The predental requirements are similar but not exactly the same at U.S. dental schools. The requirements of the Indiana University School of Dentistry are summarized below since a large majority of Franklin College predental students are Indiana residents and make that school their first choice. The course requirements for other schools are listed in the current edition of “Admissions Requirements of U.S. and Canadian Dental Schools”, which can be checked out from Dr. Browder. Indiana University School of Dentistry requirements for admission (courses in parentheses are the Franklin College Courses that satisfy these requirements)
- Biology 2 semesters (BIO 134 Principles of Biology, BIO 140 Cell Biology)
- Anatomy and Physiology 2 Semesters (BIO 115 and 120 Human Anatomy and Physiology I & II)
- Biochemistry 1 Semester (BIO/CHE 334-Biochemistry)
- Microbiology (BIO 373)
- General Physics 2 semesters (PHY 121 and 122 General Physics I & II)
- Inorganic Chemistry 2 semesters (CHE 121, 122, 123, and 124 General Chemistry I & II)
- Organic Chemistry 1 semester (CHE 221 and 223 Organic Chemistry I)
ALL SCIENCE COURSES, EXCEPT BIOCHEMISTRY, MUST INCLUDE LABORATORIES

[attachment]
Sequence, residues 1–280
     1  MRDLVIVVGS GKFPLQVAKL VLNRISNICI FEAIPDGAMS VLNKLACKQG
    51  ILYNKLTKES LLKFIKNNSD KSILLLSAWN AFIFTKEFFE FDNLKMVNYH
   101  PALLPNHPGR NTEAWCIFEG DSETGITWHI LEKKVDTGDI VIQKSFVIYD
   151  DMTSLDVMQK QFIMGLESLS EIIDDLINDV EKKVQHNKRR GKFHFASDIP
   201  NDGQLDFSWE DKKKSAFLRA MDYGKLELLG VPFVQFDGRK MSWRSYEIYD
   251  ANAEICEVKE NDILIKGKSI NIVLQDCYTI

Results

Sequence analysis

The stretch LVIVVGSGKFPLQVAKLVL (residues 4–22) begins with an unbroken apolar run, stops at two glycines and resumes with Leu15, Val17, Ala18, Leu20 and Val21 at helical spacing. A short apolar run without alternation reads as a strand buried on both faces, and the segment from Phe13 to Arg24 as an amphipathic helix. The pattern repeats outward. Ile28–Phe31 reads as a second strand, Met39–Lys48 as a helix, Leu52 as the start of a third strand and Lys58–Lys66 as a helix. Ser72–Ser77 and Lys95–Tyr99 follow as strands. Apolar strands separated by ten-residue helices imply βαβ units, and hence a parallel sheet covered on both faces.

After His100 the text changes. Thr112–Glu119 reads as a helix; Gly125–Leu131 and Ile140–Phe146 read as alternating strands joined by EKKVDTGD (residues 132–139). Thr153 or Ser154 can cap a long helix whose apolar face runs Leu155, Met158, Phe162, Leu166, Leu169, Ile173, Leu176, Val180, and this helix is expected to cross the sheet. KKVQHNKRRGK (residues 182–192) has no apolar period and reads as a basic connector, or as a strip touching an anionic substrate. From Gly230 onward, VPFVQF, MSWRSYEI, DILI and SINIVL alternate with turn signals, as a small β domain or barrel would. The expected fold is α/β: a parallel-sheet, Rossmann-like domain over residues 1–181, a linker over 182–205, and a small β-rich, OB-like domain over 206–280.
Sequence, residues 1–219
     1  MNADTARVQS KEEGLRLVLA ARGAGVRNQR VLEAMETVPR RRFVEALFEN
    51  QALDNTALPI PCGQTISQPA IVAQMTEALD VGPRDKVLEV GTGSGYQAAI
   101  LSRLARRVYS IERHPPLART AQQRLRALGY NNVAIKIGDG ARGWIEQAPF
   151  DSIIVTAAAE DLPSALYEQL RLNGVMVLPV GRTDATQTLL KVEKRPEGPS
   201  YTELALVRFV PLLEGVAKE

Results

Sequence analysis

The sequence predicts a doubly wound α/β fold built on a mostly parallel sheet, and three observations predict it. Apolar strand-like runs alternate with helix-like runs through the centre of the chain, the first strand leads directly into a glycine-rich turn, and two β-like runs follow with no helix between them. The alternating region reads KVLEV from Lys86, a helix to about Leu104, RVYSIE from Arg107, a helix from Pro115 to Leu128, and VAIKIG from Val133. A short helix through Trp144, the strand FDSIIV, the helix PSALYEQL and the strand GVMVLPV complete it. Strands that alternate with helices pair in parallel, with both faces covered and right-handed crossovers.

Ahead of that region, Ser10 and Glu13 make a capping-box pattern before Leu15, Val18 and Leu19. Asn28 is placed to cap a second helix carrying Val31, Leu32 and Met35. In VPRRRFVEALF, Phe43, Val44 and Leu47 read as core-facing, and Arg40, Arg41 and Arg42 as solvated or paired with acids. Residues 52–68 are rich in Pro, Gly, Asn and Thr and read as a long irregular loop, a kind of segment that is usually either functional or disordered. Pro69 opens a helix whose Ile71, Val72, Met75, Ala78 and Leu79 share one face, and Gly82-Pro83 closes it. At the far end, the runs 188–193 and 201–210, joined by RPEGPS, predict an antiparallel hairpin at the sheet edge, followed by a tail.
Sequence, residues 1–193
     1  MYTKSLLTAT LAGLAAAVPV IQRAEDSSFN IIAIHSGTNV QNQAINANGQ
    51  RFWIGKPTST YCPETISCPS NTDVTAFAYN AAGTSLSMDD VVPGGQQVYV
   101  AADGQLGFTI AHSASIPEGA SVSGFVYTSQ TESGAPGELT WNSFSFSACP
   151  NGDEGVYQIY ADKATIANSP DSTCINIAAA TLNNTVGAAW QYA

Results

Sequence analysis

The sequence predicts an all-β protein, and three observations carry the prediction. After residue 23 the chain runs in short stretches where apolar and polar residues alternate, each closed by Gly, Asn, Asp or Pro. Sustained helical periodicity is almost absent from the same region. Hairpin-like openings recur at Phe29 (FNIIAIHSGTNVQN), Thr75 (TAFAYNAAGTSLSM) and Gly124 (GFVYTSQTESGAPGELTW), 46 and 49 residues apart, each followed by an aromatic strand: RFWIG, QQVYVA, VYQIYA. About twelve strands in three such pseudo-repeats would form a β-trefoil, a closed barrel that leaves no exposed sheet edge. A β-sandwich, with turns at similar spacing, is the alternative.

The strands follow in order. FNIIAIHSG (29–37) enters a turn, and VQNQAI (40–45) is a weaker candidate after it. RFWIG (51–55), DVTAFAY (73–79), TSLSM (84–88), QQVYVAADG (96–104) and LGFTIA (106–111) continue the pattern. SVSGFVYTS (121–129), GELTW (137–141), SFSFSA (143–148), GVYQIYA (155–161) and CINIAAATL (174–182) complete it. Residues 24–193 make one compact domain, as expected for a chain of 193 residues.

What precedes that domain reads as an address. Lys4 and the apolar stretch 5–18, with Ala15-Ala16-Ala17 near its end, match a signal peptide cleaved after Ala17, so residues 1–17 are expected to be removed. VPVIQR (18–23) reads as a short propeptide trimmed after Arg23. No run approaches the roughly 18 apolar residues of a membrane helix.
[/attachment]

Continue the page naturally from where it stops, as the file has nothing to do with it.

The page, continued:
- English 1 semester (LA 101 The Self and Society)
- Introductory Psychology 1 semester (PSY 117 General Psychology)
- Interpersonal Communication or Public Speaking 1 semester (LA 111 Public Speaking)
In addition to the above courses, the following courses are strongly recommended but not required by I.U. Dental School: genetics, molecular biology, hands-on art courses (i.e. ceramics), and business management.
The DAT exam and a minimum of 90 semester hours is required for admission.
The predental student may select any major field offered by the college. While the majority of students select Biology or Chemistry, dental schools do not express a preference for any major. The minimum predental course requirements in science should be completed in the first three years if possible because most predental students take the Dental Aptitude Test (DAT) in the spring of the Junior year.
A better than average academic record is a necessity for predental students. The following information is taken from the Indiana University School of Dentistry Bulletin.
Selection criteria include, but are not limited to, overall grade-point average, science grade-point average, Dental Admission Test scores, interviews, recommendations, residency, years and hours of college credit, degrees received, motivation, exploration of dentistry, manual and artistic skills, character, personality, ethics, and health).